Retainage Reform Bill Pending in Ohio
Kegler Brown Construction Newsletter July 1, 2006
Retainage is an important and controversial issue in the construction industry, particularly for subcontractors. The American Subcontractors Association (ASA) conducted a nationwide survey of almost 600 subcontractors from 39 states and determined that the average subcontractor was carrying $620,025 in retainage receivables an average of 160 days after the subcontractor successfully completed his work. As these retainage rates generally exceed profit margins, subcontractors are acting as "the bank" in financing the project. This hidden financing cost of retainage must be passed through to contractors and owners and ultimately reflected in project cost or subcontractors will go out of business.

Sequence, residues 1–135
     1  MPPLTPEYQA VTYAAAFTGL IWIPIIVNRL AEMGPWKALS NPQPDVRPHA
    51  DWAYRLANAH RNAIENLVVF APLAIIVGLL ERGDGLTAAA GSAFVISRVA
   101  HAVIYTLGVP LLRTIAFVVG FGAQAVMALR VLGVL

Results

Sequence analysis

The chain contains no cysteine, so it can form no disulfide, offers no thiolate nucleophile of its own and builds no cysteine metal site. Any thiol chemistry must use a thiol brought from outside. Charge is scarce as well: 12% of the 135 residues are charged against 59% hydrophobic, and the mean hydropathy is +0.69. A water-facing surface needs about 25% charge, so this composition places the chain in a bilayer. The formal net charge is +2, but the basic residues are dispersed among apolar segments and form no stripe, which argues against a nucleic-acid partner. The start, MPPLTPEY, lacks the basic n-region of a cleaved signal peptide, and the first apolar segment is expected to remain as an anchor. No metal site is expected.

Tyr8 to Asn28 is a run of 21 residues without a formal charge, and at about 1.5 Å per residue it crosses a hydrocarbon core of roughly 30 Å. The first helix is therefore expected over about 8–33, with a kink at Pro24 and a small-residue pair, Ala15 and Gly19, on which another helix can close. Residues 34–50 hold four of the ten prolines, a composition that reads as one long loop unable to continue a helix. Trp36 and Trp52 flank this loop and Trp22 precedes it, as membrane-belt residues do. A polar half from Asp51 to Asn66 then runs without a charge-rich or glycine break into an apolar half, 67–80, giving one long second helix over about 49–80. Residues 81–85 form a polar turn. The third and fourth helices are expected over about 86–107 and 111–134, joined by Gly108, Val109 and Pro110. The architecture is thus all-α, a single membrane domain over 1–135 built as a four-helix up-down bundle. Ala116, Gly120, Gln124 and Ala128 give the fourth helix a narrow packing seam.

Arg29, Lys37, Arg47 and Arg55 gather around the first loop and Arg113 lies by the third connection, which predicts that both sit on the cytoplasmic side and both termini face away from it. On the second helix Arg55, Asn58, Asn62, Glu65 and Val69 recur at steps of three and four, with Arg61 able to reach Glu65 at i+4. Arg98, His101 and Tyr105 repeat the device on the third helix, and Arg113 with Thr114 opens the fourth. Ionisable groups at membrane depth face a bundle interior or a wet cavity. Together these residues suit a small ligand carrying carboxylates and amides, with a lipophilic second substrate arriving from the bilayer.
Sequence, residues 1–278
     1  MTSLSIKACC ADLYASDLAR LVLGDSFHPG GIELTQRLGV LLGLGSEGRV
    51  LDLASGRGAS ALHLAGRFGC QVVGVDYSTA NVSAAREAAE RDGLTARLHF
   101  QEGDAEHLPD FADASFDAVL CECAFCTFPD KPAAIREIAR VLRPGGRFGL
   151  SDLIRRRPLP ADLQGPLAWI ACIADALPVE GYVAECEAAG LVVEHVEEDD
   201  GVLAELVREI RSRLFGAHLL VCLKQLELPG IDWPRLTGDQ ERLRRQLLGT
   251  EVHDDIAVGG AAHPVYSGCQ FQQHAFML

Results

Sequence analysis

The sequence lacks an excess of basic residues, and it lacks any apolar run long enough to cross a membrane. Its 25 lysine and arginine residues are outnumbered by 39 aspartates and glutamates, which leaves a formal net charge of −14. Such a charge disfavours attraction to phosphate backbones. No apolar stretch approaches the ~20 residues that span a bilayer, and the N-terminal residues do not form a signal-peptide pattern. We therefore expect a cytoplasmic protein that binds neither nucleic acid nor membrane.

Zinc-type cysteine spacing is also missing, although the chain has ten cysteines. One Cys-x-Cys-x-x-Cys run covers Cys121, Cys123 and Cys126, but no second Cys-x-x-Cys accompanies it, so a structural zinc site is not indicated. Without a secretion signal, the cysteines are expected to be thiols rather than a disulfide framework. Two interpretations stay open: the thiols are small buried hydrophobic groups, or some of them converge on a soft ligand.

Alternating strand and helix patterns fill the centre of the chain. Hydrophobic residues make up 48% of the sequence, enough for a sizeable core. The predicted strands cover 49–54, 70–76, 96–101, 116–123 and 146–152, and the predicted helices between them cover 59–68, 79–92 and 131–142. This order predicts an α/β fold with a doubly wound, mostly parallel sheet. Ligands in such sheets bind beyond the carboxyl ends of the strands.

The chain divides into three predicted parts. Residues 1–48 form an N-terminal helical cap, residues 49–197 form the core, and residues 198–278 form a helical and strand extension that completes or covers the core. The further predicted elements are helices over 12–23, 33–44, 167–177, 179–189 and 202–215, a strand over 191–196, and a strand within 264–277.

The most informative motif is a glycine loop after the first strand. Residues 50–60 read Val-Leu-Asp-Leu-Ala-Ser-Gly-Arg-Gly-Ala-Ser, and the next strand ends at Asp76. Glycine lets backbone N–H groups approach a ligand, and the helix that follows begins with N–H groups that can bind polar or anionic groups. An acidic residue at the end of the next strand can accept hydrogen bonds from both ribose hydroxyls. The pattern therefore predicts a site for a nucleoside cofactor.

Representative Hagan has introduced H.B. 497, a bill designed to reform retainage practices on public and private commercial work in Ohio. H.B. 497 as currently drafted would require that:
- Retainage on private work would mirror retainage provisions of public work (an effective rate of 4% of labor).
- Line item release of retainage.
- General contractors could hold no greater percentage of retainage than held on them.
- Owner would have to pay retainage (less items in dispute) within 60 days of certificate of occupancy.
- Prohibition of mandated and overvalued retainage – type items in schedule of values ("stealth retainage"); and
- Address any unintended problems with The Prompt Pay Act and make consistent with the retainage provisions above.
The federal government and the Ohio Department of Transportation (ODOT) have already eliminated retainage on virtually all projects, and the trend appears to be to reduce or eliminate retainage on a more frequent basis.